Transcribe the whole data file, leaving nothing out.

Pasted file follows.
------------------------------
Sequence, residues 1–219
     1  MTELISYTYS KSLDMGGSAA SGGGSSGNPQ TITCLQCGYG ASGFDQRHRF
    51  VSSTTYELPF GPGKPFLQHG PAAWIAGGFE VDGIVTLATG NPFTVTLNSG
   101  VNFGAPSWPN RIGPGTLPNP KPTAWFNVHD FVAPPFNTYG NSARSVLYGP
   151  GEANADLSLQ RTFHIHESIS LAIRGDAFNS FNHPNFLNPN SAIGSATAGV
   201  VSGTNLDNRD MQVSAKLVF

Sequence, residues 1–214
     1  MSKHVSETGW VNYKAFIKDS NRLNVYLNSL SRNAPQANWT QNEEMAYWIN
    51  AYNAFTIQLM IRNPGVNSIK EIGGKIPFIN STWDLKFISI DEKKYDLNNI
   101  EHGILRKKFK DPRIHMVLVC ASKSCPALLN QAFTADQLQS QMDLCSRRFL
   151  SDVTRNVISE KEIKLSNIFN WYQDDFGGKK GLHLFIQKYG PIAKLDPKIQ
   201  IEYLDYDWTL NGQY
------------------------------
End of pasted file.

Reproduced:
Sequence, residues 1–219
     1  MTELISYTYS KSLDMGGSAA SGGGSSGNPQ TITCLQCGYG ASGFDQRHRF
    51  VSSTTYELPF GPGKPFLQHG PAAWIAGGFE VDGIVTLATG NPFTVTLNSG
   101  VNFGAPSWPN RIGPGTLPNP KPTAWFNVHD FVAPPFNTYG NSARSVLYGP
   151  GEANADLSLQ RTFHIHESIS LAIRGDAFNS FNHPNFLNPN SAIGSATAGV
   201  VSGTNLDNRD MQVSAKLVF

Sequence, residues 1–214
     1  MSKHVSETGW VNYKAFIKDS NRLNVYLNSL SRNAPQANWT QNEEMAYWIN
    51  AYNAFTIQLM IRNPGVNSIK EIGGKIPFIN STWDLKFISI DEKKYDLNNI
   101  EHGILRKKFK DPRIHMVLVC ASKSCPALLN QAFTADQLQS QMDLCSRRFL
   151  SDVTRNVISE KEIKLSNIFN WYQDDFGGKK GLHLFIQKYG PIAKLDPKIQ
   201  IEYLDYDWTL NGQY